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  • Indiscreet Jewels: Can We Talk about the Passion of Michel Foucault?
  • Diane Rubenstein (bio)
James Miller. The Passion of Michel Foucault. New York: Simon and Schuster, 1993.

In Diderot’s tale, the good genie Cucufa discovers at the bottom of his pocket, in the midst of worthless things—consecrated seeds, little pagodas made of lead, and moldy sugar-coated pills—the tiny silver ring whose stone, when turned, makes the sexes speak. He gives it to the curious sultan. Our problem is to know what marvelous ring confers a similar power on us, and on which master’s finger it has been placed: what game of power it makes possible or presupposes, and how it is that each one of us has become a sort of attentive and imprudent sultan with respect to his own sex and that of others. It is this magical ring, this jewel which is so ineloquent concerning one’s own mechanism that we need to render loquacious in its turn; it is what we have to talk about. We must write the history of this will to truth, this petition to know that for so many centuries has kept us enthralled by sex: the history of a stubborn and relentless effort. What is it that we demand of sex, beyond its possible pleasures, that makes us so persistent? What is this patience or eagerness to constitute it as the [End Page 681] secret, the omnipotent cause, the hidden meaning, the unremitting fear?

—Foucault, The History of Sexuality 79–80

Among its many emblems, our society wears that of the talking sex.

Between each of us and our sex, the West has placed a never-ending demand for truth: it is up to us to extract the truth of sex, since this truth is beyond its grasp, it is up to sex to tell us our truth, since sex is what holds it in darkness.

But is sex hidden from us, concealed by a new sense of decency, kept under a bushel by the grim necessities of bourgeois society?

—The History of Sexuality 77–78

It would take an American living in a complete media-isolation biosphere, an American blissfully unaware of O. J. Simpson, Lorena Bobbitt, the 600 hours of televised Menendez trials (which Nobel laureate Toni Morrison admitted to being glued to), Bob Packwood hearings and Michael Jackson not to concur with Michel Foucault’s rhetorical question: “On the contrary, it shines forth: it is incandescent” (History 77). I should like to frame my presentation of James Miller’s book around Foucault’s emblem of the talking sex and the questions inspired by Diderot’s fable in order to read Miller’s book as Foucault would have—as a cultural symptom. For Miller’s Passion (as in all symptomatic projections, it is Miller’s and not Foucault’s desires that frame this narrative) is best seen as an example and symptom of tabloid liberalism—Michel Foucault: The Untold Story. This is intellectual history as pornography, biography as propaganda. The book jacket promises: “in revelations as fascinating as they may be shocking to some readers, The Passion of Michel Foucault provides the first detailed account of Foucault’s lifelong obsession with death, suicide, drugs, and sadomasochistic eroticism—even under the mounting threat of AIDS in the 1980’s.”1 In Miller’s own words: “The crux of what is most original and challenging about Foucault’s way of thinking as I see it, is his unrelenting, deeply [End Page 682] ambiguous and profoundly problematic preoccupation with death, which he explored not only in the esoteric form of his writing, but also, and I believe critically, in the esoteric form of sado-masochistic eroticism” (7). Yet this is not the first account of Foucault’s death from AIDS, his frequentation of the San Francisco leather scene or his “homosexuality.” Didier Eribon’s biography (which Miller repeatedly draws on for his sensationalist rendering) already covered this biographical ground, and Hervé Guibert fictionalized these experiences in To the Friend Who Did Not Save My Life and The Secrets of a Man (Mauve le Vierge).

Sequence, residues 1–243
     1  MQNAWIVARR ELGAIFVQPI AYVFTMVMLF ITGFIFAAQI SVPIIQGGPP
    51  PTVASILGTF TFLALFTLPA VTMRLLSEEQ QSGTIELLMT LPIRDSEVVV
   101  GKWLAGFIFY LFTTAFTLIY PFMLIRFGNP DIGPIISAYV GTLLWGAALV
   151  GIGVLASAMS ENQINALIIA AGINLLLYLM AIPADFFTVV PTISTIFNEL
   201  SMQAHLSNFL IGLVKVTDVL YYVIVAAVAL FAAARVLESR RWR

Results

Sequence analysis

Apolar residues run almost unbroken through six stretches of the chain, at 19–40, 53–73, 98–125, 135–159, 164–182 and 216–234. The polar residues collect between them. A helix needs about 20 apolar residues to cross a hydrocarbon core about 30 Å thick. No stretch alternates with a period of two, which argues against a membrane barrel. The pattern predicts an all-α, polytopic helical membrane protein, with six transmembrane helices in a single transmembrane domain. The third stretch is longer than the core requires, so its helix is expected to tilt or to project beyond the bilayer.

What is distinctive about Miller’s rendition, however, is its position as a socially...

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